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"Review of J. Archer Avary’s 'Total Rhubarb' " by Kellie Scott-Reed (available 1/9/2023)

There are certain writers, who you feel ‘get you’. Almost like they took something on the tip of your tongue and finished your thought for you. “Total Rhubarb”, the latest chapbook by J. Archer Avary, is a case in point. In this collection, there is a conversation with the reader. He is showing you his exploration in words that resonate on a very human level, making you feel that it’s your story too. He navigates the disappointment, disengagement, and trauma we all go through with clarity and wit.

“First Day of What Passes for Spring”; a move away, second-guessing, this poem reminds me of those moments in life when we sit alongside our decisions wondering who was inhabiting our bodies when we made them. There is a willfulness in this piece and a true understanding of the flaws and fallibility in our desire to make a change. How vehemently we resist what is best for us! I love the last two lines of this poem. I won’t state them here because you must read them in context. I promise you, you won’t see them coming.

There is something accidental about ‘progress’. In “Prime Seats at the Beer Garden” Archer Avary sits us in the middle of one of those new-fangled microbrews made from an old cannery or some other industry and shows us around the facade. As someone who lives in a city that is repurposing old industrial buildings into condos and microbreweries popping up on every street corner, this piece felt very relevant. The dying of an old industry, the popping up of another in its place, and the randomness of what is deemed successful skirts the edges of this piece. It’s simple and descriptive and I can’t tell if he’s pulling my leg. But that’s the beauty of this collection. It’s always a possibility.

If you’ve never seen Steve Martin’s SNL skit “Holiday Wish” I suggest you find it on YouTube before reading “High in Lemony Pines”. This reveals a gift of Archer Avary’s; to put a very earnest sentiment in a form and flow, that reveals so much about the ‘narrator’ in very few words.

“Give me a cabin

High in the lemony pines

Where i can eat steak all day

Learn the banjo,”

It goes on to say the sentiment similarly throughout but in unique ways that peel back the onion on a character not revealed. I thought this poem felt a bit like a folk song. By the end, I couldn’t tell if he meant high altitude or high, high in Lemony pines.

“Boris and Betty” is a poem where I felt that Archer Avary was using sleight of hand to reveal a love fading by diverting our attention to the grim reality of a baby hamster’s birth. He seems to be weaving this narrative of the cogent story in front of you, as a totem for the loss of a relationship. He slips the ‘real tale ’so off handily into the margins, you could swear the ball was under the first cup. But it had disappeared altogether. The juxtaposition of modern middle-class life and war in “This Hot Tub is a Bomb Shelter” is one of those poems that reveals for us that one step removed from guilt and that two worlds exist simultaneously, yet it doesn’t try to rectify this conundrum. Voila! The guilt’s there, and then it’s gone in a puff of smoke or hot tub steam.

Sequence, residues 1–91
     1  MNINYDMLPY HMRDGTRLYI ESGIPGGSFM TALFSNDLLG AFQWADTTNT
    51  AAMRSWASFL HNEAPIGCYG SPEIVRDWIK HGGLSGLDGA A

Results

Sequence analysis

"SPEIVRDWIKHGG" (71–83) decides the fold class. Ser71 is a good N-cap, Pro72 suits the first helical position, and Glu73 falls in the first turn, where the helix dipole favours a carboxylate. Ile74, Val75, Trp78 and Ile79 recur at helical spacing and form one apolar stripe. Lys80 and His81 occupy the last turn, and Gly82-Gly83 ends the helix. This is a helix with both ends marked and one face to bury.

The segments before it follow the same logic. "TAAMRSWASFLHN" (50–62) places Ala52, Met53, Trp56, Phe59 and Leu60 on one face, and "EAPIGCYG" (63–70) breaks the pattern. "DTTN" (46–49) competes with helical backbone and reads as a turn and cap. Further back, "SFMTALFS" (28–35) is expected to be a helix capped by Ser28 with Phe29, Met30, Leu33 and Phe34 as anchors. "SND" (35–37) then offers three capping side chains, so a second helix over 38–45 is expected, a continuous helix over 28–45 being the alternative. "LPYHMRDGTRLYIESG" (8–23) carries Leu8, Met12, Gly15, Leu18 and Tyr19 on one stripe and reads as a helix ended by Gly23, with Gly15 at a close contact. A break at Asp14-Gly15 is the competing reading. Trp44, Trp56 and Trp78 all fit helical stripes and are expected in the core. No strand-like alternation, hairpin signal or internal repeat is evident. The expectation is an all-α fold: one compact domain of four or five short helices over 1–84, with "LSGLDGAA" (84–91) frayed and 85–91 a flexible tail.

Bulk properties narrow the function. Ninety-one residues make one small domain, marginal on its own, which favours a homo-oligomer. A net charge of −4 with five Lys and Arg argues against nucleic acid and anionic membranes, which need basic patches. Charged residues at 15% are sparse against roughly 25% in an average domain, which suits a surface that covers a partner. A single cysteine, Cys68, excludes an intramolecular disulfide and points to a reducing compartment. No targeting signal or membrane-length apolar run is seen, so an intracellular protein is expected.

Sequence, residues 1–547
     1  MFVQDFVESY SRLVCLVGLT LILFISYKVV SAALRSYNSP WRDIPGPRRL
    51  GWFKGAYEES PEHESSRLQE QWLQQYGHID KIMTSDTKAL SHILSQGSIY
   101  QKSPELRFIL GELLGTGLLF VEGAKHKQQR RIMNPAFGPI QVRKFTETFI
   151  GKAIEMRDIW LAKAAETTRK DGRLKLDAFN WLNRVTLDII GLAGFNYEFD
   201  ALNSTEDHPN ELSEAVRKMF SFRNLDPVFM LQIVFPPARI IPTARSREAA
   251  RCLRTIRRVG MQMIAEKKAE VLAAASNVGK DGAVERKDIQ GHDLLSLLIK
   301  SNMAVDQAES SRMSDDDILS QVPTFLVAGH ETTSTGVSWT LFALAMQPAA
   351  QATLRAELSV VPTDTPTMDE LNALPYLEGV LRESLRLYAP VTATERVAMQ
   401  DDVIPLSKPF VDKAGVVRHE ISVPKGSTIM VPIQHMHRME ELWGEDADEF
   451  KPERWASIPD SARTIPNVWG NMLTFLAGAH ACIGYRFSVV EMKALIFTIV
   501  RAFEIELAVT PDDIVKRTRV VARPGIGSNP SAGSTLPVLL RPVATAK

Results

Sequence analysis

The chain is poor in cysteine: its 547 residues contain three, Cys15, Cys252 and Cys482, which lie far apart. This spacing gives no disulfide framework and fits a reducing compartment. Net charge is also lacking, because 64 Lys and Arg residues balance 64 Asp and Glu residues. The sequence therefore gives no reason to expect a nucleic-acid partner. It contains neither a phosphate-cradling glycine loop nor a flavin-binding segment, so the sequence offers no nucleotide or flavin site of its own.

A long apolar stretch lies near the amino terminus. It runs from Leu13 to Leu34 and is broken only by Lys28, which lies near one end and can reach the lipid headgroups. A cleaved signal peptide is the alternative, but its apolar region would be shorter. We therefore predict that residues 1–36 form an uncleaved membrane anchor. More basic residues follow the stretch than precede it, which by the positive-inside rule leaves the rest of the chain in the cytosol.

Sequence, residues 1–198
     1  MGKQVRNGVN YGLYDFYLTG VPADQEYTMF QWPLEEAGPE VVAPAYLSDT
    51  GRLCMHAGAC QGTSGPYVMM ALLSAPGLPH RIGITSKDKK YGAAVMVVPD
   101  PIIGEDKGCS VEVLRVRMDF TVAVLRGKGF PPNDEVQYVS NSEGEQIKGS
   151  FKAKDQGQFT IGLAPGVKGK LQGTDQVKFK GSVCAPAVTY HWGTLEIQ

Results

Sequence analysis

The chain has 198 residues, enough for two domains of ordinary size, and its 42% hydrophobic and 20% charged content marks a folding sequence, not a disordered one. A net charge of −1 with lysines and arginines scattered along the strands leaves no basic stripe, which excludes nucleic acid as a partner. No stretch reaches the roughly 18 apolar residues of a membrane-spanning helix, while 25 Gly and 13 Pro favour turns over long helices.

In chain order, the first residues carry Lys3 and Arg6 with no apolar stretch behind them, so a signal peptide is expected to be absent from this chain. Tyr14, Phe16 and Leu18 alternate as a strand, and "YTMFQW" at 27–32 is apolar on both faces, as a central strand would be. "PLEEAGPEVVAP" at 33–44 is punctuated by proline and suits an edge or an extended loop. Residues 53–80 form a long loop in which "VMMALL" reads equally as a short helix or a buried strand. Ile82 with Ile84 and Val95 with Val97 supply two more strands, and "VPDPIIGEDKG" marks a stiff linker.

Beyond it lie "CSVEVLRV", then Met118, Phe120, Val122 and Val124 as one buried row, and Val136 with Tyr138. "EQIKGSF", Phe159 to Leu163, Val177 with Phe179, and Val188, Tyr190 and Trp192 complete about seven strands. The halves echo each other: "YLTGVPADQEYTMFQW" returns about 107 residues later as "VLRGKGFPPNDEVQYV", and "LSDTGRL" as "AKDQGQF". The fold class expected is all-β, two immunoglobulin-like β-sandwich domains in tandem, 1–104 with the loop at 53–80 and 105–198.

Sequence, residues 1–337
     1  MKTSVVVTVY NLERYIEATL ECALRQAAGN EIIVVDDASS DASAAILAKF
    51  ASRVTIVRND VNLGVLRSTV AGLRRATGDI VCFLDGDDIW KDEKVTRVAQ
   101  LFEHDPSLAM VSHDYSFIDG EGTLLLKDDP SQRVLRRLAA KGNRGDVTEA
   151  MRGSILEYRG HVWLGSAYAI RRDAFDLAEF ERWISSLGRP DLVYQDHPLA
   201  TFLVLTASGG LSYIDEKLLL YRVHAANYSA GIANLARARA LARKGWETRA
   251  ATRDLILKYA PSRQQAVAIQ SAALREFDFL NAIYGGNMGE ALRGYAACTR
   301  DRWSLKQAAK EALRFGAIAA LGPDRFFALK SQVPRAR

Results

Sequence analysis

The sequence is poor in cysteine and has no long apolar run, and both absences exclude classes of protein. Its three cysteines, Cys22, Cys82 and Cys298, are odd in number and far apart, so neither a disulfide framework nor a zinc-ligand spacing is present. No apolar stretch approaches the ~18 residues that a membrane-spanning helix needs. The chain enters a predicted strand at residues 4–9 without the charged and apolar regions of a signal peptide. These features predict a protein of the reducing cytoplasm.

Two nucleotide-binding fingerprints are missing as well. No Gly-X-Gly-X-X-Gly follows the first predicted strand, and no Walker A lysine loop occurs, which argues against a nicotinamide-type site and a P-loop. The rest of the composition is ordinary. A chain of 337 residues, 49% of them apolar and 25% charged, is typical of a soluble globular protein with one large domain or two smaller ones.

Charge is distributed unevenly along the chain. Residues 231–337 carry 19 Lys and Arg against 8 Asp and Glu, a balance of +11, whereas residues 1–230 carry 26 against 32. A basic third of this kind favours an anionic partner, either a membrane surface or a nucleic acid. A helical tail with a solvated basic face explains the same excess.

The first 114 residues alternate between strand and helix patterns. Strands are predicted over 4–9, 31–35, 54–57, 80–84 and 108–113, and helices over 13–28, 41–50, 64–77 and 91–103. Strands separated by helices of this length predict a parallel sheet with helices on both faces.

The incredibly creative and again, humorous “Items Lost in Transit” is a particular favorite of mine. The structure made it feel like I was looking at a diorama not reading a poem. A museum to what we lose both, tangible and intangible. Each section of the poem, titled by the item, what was happening at the time, and where it was found gives you a little insight into something innately human and the talismans we inadvertently leave behind for others to find. I love this poem. It’s a full experience and a bit of an adventure.

“Tales of Near-Death” felt like a Gen-X anthem of disengagement, scabby knees, and deep scars.

“I will bore this

And future generations

With telling & boisterous retellings

I will shout it from the water tower

Atop the beach nut building

Tales of near-death”

I wonder if this is what happens to us aging Gen Xers? Looking around at the bubble-wrapped generations after us, wondering where the passion has gone. Do we bury the trauma of our lonely, dangerous youth in these stories? Who are we to judge with our back alley tales of mundane self-violence, the gentleness, and compassion of those that come after? After all, aren’t we the ones who taught them this gentleness? This piece brought up so many questions for me and how I approach the retelling of my story. For example, I recently spent an evening with a group of friends who’d been so since 7th grade. They talked about how they used to whip each other with rubber fish until they left scars. With pride. This poem reminds me of that reckless experimentation, the lost hours of nothingness that we filled with painful initiations, and the dreams that never came true.

The poems all have a deliciously dark humor that I find almost irresistible.

J. Archer Avary’s collection embraces life in a way that feels today like a distant ache in my heart or the fish-tailed scar on the wrist. Life hurts, but the joy is in surviving, with a good laugh at it all.

"Total Rhubarb" will be out 9 Jan via the fine folks at Back Room Poetry.

J. Archer Avary (he/him) was born in the USA and now lives in Northeast England.

Kellie Scott-Reed -AEIC of Roi Faineant Press and host of “A Word?” With Kellie Scott-Reed.

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